Learn all about multiplying two-digit numbers and multiplying three-digit numbers in this free lesson, which includes practice problems.
When you multiply a number or amount, you're increasing it many times. In Introduction to Multiplication, you learned that multiplication can be a way to understand things that happen in real life. For instance, imagine that a store sells boxes of pears. The small boxes contain five pears each. You buy two. You could write the situation like this, and use the times table to solve it:
Now, imagine that you decide to buy two larger boxes containing 14 pears each. That situation would look like this:
This problem is harder to solve. Counting the pears would take a while. Plus, there's no 14 on the times table. Fortunately, there's a way to write the problem so that you can break it into smaller pieces. It's called stacking. It means that we'll write the numbers on top of one another instead of side by side.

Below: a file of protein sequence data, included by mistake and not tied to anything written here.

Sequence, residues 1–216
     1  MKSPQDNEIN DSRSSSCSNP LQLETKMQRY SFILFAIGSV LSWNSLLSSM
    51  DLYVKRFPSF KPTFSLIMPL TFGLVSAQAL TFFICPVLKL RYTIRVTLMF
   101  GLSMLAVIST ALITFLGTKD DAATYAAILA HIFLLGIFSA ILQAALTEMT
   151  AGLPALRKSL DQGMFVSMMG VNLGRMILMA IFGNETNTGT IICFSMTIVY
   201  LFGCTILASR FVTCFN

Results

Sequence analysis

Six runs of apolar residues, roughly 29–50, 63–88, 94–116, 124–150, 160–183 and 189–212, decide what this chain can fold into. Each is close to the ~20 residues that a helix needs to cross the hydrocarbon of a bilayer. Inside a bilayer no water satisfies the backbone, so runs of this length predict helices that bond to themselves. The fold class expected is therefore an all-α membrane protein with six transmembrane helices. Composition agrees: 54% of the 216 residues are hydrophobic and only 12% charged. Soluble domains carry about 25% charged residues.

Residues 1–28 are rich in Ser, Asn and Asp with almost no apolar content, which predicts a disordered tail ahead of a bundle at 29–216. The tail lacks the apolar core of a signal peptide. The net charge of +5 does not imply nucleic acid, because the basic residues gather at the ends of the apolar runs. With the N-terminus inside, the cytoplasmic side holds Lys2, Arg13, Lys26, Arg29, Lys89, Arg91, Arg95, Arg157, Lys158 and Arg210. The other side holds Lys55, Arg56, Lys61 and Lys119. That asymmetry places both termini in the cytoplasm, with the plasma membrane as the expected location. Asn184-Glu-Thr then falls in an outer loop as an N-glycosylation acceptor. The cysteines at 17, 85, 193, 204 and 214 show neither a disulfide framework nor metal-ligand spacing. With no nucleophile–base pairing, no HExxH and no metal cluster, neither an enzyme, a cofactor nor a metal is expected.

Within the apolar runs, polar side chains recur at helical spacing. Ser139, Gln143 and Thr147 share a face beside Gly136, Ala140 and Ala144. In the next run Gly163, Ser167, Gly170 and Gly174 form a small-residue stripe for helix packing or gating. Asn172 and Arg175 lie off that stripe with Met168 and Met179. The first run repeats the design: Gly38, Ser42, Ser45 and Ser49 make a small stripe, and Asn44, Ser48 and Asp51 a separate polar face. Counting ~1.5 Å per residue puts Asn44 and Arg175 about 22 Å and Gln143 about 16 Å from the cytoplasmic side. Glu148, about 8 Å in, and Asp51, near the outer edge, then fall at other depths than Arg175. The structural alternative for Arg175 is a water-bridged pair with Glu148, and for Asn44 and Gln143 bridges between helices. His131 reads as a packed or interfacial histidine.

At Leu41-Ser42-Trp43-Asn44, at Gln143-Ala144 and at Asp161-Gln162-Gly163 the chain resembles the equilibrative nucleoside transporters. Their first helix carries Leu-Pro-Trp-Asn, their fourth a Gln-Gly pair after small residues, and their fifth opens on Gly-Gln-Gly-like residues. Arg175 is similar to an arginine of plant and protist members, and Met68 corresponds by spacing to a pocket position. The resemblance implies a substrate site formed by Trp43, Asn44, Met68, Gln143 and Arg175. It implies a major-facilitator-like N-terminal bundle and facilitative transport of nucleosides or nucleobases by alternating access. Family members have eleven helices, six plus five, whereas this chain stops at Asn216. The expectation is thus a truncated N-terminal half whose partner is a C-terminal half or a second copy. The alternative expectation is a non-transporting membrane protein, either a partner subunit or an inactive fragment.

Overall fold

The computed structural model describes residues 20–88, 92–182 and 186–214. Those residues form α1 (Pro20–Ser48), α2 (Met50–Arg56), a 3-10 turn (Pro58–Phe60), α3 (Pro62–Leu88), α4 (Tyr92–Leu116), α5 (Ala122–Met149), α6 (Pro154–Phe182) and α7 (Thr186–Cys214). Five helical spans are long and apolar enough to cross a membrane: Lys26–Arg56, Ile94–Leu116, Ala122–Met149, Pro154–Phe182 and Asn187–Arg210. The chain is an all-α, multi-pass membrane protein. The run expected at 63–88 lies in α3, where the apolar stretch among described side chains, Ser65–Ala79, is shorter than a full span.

Let's practice stacking with this problem, 14 x 2.
First, write the numbers, one above the other. It's a good habit to always write the larger number on top. The problem will be harder to solve if you don't.
Next, write the times sign to the left of the numbers.
Instead of an equals sign, put a line underneath the number on the bottom.
Notice how the numbers are lined up to the right?
When you write a stacked multiplication problem, always make sure the numbers are lined up this way.
For example, let's look at another problem, 5 x 112. See how the 2 is right above the 5?
Also, notice that we put the larger number on top, even though it was the second number in our original expression.
Always set up stacked multiplication problems the same way: with the larger number on top...
Always set up stacked multiplication problems the same way: with the larger number on top... and the right digits lined up.